Nigeria? If they cannot answer this question, then neither will I tell them by
what authority I make these audacious declarations;
9. Having established the fact that I am ready to follow God’s leading in the service of my nation, let me reiterate that what Nigeria needs now is not another election but a return to the drawing board to renegotiate our union. You will recall that, in 2015, I made a similar declaration in the message titled “The Gathering Storm and Avoidable Shipwreck: How to Avoid Catastrophic Euroclydon”[ix]. In that address, I called for restructuring when others were clamouring for elections. Three years later, the majority that was wrong has become the minority, and the minority that was right is becoming the majority, even as restructuring has become the buzzword in our nation;
10. Finally, I am reminded of David’s response to his brothers’ spiteful cynicism when he accepted Goliath’s challenge. This is recorded for our learning in I Samuel 17:28 & 29 (NKJV):
28 Now Eliab his oldest brother heard when he spoke to the men; and Eliab’s anger was aroused against David, and he said, “Why did you come down here? And with whom have you left those few sheep in the wilderness? I know your pride and the insolence of your heart, for you have come down to see the battle.” 29 And David said, “What have I done now? Is there not a cause?”
Fellow Nigerians, given the state of our nation, is there not a cause? Therefore, rather than waste time on cynical critics, we draw strength from the words our ears have heard:
The Lord of hosts has sworn, saying,
“Surely, as I have thought, so it shall come to pass,
And as I have purposed, so it shall stand…”[x]
Some measure of progress has been made within the first thirty-one months of this administration[xi]. However, as was the case with previous administrations, the current government appears to be merely patching the cracks on the wall. This administration anchored its policy outlook on three main thrusts, including security, job creation through diversification, and anti-corruption, yet all around us are signs of retrogression.
As at June 2015, the unemployment rate was 8.2% of a labour force of 74 million[xii], meaning that about 6 million Nigerians were unemployed. By September 2017, despite such efforts as N-Power[xiii] and a range of policies aimed at improving enterprise development and facilitating job creation, the unemployment rate had risen to 18.8% of a labour force of 85.1 million[xiv], indicating that between 2015 and 2017, the number of unemployed Nigerians rose from about 6 million to almost 16 million.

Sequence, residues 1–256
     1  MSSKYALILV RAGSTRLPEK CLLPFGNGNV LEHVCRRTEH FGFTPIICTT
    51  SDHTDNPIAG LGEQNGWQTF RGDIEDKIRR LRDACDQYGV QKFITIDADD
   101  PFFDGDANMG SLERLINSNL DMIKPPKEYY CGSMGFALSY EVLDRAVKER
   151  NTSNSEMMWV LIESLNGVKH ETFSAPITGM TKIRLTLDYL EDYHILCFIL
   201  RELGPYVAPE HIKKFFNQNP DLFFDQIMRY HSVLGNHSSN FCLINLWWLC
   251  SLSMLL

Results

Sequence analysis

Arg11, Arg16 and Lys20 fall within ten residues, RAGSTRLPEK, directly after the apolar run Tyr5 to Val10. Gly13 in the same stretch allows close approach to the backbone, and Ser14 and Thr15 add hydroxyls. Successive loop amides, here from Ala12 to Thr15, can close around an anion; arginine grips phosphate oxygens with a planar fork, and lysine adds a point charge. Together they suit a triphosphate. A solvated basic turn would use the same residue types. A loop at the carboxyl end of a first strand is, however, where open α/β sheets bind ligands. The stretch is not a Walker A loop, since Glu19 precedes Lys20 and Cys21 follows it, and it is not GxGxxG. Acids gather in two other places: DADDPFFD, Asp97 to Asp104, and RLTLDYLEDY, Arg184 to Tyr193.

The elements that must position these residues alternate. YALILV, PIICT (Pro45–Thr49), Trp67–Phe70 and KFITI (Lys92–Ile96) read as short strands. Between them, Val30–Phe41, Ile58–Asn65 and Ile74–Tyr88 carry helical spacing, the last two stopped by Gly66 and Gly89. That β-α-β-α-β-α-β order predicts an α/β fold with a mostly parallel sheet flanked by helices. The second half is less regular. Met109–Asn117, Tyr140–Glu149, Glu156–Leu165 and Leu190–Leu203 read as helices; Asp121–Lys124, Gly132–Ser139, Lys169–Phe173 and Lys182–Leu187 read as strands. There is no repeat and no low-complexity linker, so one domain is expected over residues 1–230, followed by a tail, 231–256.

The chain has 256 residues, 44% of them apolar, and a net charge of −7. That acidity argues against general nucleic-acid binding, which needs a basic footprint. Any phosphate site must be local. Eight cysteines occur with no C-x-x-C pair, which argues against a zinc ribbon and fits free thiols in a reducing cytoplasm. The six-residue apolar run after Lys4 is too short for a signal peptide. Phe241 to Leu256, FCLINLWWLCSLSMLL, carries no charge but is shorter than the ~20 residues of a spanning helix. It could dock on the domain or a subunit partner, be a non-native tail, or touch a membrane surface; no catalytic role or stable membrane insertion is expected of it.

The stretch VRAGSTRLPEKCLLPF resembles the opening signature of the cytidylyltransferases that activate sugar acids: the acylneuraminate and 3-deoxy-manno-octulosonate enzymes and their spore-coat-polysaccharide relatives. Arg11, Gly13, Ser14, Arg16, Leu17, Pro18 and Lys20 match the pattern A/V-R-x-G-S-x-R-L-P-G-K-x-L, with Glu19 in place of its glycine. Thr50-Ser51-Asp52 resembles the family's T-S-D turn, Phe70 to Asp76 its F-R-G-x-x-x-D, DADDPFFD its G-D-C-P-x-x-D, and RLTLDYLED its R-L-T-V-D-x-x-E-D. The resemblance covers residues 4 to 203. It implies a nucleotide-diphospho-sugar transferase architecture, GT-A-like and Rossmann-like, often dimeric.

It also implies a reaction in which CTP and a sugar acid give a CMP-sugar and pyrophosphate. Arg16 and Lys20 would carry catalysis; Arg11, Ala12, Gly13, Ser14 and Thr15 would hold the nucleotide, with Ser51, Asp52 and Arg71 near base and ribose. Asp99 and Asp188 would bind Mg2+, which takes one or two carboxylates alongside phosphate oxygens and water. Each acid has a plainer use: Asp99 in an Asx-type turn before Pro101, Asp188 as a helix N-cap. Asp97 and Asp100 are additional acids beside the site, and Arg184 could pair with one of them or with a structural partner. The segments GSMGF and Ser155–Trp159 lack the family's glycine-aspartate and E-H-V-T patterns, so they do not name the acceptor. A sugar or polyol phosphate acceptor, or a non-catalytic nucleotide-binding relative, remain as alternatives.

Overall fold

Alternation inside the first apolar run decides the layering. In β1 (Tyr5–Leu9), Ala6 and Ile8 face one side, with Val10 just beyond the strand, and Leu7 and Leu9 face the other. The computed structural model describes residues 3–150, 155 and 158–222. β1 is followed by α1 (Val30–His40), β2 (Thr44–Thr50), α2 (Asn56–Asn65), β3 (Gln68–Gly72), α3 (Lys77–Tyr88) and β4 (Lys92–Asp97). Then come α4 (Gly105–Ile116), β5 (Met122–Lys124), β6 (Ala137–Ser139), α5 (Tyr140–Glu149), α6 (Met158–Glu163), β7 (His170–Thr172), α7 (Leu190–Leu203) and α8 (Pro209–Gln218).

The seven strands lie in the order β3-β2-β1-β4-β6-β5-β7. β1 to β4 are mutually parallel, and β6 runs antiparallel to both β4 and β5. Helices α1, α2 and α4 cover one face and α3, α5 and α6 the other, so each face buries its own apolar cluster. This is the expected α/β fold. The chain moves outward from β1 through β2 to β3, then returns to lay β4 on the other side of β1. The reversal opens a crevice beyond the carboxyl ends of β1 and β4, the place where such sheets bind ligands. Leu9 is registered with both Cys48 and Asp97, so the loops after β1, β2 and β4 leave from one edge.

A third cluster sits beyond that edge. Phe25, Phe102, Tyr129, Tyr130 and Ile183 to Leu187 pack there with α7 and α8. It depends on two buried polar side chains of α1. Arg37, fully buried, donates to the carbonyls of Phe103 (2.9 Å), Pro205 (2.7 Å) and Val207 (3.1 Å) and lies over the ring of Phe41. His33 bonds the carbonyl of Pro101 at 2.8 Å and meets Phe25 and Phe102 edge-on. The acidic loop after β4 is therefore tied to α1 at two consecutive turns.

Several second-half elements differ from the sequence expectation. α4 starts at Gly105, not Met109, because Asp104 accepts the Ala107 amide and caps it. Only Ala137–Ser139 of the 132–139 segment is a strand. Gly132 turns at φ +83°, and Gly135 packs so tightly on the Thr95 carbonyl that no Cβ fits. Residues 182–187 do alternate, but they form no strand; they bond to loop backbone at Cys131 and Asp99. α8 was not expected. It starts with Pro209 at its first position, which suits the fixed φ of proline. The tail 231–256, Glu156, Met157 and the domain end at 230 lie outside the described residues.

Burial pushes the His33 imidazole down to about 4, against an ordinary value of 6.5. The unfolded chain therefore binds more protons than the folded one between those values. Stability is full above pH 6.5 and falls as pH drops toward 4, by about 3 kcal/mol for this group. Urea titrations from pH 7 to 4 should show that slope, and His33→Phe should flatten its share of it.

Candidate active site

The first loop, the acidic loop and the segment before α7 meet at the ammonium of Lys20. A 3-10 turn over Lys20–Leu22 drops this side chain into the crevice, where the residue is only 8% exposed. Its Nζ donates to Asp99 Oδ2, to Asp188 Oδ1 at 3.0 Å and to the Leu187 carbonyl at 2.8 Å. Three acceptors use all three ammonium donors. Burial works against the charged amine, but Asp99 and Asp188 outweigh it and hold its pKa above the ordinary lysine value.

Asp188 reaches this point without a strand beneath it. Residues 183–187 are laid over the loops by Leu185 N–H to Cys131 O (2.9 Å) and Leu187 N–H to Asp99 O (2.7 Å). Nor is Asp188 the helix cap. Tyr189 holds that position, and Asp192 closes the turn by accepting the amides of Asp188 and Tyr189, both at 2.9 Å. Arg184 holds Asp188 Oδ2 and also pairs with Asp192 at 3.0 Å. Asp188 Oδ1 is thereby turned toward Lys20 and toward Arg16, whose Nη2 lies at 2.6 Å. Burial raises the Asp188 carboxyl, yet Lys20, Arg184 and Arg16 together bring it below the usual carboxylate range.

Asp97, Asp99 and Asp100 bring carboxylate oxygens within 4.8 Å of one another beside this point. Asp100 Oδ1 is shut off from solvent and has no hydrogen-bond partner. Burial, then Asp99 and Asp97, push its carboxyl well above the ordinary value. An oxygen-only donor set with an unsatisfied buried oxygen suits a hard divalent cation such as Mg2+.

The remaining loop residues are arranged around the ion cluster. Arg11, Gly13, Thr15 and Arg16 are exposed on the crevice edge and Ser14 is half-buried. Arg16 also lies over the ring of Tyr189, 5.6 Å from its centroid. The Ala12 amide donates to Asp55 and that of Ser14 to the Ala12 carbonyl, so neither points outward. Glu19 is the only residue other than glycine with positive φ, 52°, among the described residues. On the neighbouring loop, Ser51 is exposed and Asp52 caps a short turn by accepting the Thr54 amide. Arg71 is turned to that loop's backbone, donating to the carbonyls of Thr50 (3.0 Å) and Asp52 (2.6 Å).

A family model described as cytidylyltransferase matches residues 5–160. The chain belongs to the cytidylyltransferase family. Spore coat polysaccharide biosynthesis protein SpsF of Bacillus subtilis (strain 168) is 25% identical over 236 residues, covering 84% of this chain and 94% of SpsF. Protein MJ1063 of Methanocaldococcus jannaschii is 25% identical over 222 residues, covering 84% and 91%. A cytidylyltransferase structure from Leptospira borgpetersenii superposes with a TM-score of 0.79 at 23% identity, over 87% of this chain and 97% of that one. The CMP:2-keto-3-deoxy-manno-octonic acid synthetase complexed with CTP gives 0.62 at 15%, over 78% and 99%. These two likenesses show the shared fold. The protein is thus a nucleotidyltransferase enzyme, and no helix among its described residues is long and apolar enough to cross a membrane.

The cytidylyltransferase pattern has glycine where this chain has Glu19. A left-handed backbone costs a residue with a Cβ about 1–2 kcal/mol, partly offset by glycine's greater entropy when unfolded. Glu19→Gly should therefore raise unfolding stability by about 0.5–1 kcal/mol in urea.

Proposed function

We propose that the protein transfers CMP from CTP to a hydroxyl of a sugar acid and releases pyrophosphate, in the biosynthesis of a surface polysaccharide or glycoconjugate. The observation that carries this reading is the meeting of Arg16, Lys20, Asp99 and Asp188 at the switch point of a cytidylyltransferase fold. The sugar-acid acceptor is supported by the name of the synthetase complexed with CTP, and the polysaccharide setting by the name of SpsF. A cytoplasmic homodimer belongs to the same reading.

On diversification, despite ongoing efforts, reports indicate that oil continues to significantly dominate Nigeria’s exports revenue[xv], leading to the shortfall in foreign currency in the first half of this administration[xvi]. In essence, we have been unable to export much beyond crude, as oil still accounts for over 90% of total exports revenue[xvii].
The ineffectiveness of the anti-corruption war is seen in the loss of crucial corruption cases[xviii]. For instance, in April 2017, the federal government lost four high profile corruption cases in ninety-six hours[xix]. These losses are in addition to bizarre developments such as the failure of the government to confirm a substantive Chairman for the Economic and Financial Crimes Commission (EFCC), despite the fact that the same political party controls both the executive and the legislature, not to mention the public showdown between EFCC and Department of State Services (DSS) officials[xx], or the opposition of the Director-General of the DSS to the confirmation of the Acting Chairman of the EFCC[xxi].
Furthermore, nothing indicts the current government greater than
its failure in one key performance area that ought to be its strength:
security. Despite recent setbacks, we acknowledge the gains in the war against
Boko Haram, but highly disturbing is the mayhem being continually unleashed by
herdsmen on communities in different states across the country, including
Benue, Taraba, Plateau, Adamawa, Kaduna, Enugu, Edo and Ogun States, leaving
trails of weeping and wailing. The recent killings in Benue State are akin to
the last straw that is set to break the camel’s back.
Not only has the government failed to stop these killings across the country, it has done so against the backdrop of conspiratorial silence, choosing rather to label such attacks “an issue of communal misunderstanding”, as the Inspector General of Police recently did in respect of the Benue attacks[xxii]; it has treated the menace with kid gloves even after the Global Terrorism Index 2015 described “militant” herdsmen as “the fourth most deadly group of 2014”[xxiii]. Worse still, some of these killings have reportedly been carried out in collusion with the military[xxiv].